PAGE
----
What is Token Economy? Token economies are based on the principles of applied behavior analysis (ABA) and emphasize the use of positive reinforcement to target behavior change. Token economies help children visualize progress, accept and work for delayed reinforcement, learn to self-monitor, and learn to regulate behavior.  

 Developing a Token Economy: When developing a token economy, first identify and define the behavior you want to increase (i.e. target behavior). Then, determine what items or activities will be motivating to the child. To help identify these items/activities, it is helpful for parents and teachers to complete a reinforcement survey and use direct timed observation. This, in turn, develops a list of items and activities that have been identified as possible reinforcers will serve as back-up reinforcers for the child.  

Back-up reinforcers should be items/ activities that are easily introduced and removed; generally, access to back up-reinforcers should be 5 mins or lessThe individual’s back-up reinforcers can come from the survey completed by parents and teachers. reinforcers include tangible items (Legos, trains, cause and effect toys) bubbles or a song.  

When possible, limit access to reinforcing items/ activities that were identified when token economy is in use. This will reduce the possibility of the child getting bored with any one reinforcer and increase the motivational value of the reinforcer.  

Next, determine how many tokens need to be earned before gaining access to the back-up reinforcer. Start with a small number of tokens (learner dependent- ask BCBA) and gradually increase that number when BCBA advises. Decide what to use as tokens and match these to the level of the learner. For example, a Preschooler may have Elmo tokens whereas a Kindergartener may have smiley face tokens. 

Teaching and Implementing Token Economy: BCBA will initially introduce this technique with teaching instructions to follow. During the initial stages of teaching the token economy, social praise will be paired with the token by providing learner specific reinforcement (i.e., tickles, a thumbs up, or a pat on the back) while at the same time labeling the behavior with “great sitting!” or “awesome coloring!” 

All key parties play a vital role while implementing token economy. Therapists and family members working with the child will be taught by the BCBA how to distribute tokens, but as stated previously, should be consistent in their distribution of tokens and exchanges of the back-up reinforcers. Flood the child with tokens in the beginning so that access to the back-up reinforcers is frequent.  Once the child demonstrates an understanding of earning the tokens leads to the back-up reinforcer, the BCBA will determine when to lengthen the time between delivering tokens and/or increase the number of tokens required. As requirements to earn tokens increase, continue to pair token delivery with lots of specific social praise. This will teach the child delayed reinforcement.  

Prior to presenting demands, a difficult task/ transition,  the adult will ask the child “What are you working for?”, “What should we play with?”  or “What do you want to earn?” – these options will come from the pre-assessed list of items/activities known as back-up reinforcersFor a visual learner who may not have the words to label their desired item/activity, it may be helpful to provide a choice board. When the child has earned the pre-determined number of tokens, he/she should be encouraged to count the tokens from the board and in exchange, immediately earn access to their reinforcer.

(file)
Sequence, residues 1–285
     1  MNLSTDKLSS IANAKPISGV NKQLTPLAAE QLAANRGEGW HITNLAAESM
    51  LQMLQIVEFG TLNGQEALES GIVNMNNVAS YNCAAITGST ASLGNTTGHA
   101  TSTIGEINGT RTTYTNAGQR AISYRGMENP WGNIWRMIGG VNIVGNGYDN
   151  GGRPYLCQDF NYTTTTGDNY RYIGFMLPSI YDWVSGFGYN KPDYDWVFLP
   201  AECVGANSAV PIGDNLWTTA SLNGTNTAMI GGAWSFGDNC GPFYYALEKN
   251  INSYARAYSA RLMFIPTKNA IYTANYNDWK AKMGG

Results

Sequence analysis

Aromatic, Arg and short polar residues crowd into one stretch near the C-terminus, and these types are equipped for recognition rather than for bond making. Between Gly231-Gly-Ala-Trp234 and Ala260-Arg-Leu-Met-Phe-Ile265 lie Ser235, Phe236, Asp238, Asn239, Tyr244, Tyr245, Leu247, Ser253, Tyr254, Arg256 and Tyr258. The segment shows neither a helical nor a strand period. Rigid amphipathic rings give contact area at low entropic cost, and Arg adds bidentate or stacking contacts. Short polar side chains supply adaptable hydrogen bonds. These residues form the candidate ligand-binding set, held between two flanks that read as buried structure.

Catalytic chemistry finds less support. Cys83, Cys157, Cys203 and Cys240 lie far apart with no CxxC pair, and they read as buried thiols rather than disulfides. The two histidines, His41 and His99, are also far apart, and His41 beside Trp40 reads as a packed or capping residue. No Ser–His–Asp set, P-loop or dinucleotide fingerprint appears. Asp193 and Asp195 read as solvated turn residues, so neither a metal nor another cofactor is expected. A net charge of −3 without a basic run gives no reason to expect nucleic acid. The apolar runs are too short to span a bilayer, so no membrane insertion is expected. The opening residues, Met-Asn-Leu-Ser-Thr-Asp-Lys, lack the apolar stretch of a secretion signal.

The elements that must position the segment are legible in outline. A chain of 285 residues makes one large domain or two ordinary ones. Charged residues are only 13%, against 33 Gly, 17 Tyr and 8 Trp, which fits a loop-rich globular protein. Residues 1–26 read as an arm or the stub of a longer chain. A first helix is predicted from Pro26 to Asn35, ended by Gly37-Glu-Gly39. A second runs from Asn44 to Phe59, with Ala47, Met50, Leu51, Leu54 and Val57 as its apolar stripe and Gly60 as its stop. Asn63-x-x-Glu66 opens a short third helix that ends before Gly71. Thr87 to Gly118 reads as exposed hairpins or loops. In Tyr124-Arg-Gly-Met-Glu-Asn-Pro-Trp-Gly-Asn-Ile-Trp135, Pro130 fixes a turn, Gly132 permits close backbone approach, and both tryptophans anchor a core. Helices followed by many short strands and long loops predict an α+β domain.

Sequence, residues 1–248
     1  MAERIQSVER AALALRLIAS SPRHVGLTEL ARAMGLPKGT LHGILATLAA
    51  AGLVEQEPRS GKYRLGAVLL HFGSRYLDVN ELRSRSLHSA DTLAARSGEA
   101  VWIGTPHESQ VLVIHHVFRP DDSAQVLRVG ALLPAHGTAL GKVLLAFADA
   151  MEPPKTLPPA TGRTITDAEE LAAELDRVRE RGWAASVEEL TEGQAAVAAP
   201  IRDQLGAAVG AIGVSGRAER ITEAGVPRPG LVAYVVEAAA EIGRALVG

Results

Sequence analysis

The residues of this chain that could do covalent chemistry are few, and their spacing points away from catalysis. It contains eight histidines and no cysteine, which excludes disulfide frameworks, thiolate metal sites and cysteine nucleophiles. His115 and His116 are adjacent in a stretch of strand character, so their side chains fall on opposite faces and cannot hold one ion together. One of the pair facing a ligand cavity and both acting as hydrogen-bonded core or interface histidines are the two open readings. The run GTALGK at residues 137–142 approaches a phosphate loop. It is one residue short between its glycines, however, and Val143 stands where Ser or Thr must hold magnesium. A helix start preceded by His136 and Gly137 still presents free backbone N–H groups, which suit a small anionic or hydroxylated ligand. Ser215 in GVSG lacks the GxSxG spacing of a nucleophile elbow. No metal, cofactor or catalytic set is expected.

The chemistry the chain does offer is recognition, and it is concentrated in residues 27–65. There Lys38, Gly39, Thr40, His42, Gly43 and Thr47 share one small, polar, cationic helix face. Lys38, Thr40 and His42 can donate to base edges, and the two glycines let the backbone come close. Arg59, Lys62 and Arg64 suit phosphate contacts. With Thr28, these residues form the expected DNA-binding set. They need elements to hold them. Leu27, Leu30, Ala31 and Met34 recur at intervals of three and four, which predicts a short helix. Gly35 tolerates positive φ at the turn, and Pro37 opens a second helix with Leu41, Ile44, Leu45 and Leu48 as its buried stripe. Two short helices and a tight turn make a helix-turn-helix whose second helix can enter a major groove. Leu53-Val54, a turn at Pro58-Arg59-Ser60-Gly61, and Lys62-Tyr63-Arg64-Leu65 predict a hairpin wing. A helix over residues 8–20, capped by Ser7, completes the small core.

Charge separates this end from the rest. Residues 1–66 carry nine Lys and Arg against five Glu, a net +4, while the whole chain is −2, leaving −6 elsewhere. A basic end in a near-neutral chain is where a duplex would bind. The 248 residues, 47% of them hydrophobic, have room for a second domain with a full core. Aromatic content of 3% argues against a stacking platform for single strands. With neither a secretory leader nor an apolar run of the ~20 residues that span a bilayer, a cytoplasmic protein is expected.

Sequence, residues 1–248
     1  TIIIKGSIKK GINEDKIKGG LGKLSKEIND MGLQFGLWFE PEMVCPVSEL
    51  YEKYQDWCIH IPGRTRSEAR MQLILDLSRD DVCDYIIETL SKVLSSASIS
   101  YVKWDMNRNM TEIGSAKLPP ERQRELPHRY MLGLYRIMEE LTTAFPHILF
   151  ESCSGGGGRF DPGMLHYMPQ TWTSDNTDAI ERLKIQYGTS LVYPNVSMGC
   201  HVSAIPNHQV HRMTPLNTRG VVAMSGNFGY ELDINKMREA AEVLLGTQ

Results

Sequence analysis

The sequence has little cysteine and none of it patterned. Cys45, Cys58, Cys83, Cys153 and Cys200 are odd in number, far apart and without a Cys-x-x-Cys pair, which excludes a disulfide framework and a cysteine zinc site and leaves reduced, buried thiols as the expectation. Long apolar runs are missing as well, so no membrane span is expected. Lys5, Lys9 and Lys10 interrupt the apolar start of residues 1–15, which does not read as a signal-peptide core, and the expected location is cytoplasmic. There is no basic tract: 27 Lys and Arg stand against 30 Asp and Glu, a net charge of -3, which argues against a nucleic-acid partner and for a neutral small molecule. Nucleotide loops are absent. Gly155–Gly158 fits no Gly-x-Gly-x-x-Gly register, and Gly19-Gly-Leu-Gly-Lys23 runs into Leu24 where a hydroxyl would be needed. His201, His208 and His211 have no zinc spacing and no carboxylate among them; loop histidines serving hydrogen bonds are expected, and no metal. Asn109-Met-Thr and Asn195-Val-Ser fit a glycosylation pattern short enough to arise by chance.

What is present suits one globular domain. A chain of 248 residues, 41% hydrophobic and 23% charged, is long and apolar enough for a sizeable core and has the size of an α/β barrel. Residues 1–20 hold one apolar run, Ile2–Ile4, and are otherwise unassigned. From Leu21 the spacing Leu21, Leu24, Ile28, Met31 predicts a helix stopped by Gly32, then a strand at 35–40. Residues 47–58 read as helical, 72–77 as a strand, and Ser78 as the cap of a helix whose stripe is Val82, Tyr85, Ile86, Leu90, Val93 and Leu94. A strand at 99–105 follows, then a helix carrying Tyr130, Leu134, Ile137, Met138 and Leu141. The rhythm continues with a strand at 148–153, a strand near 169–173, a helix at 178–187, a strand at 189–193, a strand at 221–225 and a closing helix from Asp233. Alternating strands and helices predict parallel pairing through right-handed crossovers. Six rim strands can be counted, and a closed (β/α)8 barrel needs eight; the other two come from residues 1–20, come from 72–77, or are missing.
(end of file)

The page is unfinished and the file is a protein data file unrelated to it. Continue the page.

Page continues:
Allowing a child to participate in the token economy at this level may increase their own sense of control over the situation as well as ensure that the selected reinforcer is indeed motivating to the child in the moment of time.  

Using a Token Economy correctly can help motivate your child as they visually track their earned rewards for desired behaviors.  

Ideas to use Token Economy at Home and in the Community 

  1. Difficult activities the child may not enjoy  
  2. The bathroom routine 
  3. Cleaning up after play 
  4. Transitions 
  5. “Chores” – making the bed, putting clothes in the hamper, feeding the animal 
  6. Playing a family game 
  7. Mealtime 
  8. Riding in a car  
  9. Going to the store 

Blue Bird Day fosters socialization, sensory regulation, and pre-academic learning in children ages 2-7 years in therapeutic rotations that simulate  preschool and kindergarten settings. Our compassionate therapists practice a relationship-based and family-centered approach, provide parent training, and collaborate on goals and individualized intensive treatment plans for your child.

We believe in a collaborative and multi-disciplinary team approach to therapy. A team of occupational therapists, speech-language pathologists, dietitians, developmental therapists, behavioral therapists, physical therapists, and therapeutic assistants are created for each child to ensure child and family are fully supported and the best possible results are achieved.  

Options for individualized, group and virtual therapy sessions are available as well. 

Want to learn more or you have a specific question? Feel free to connect with us here! 

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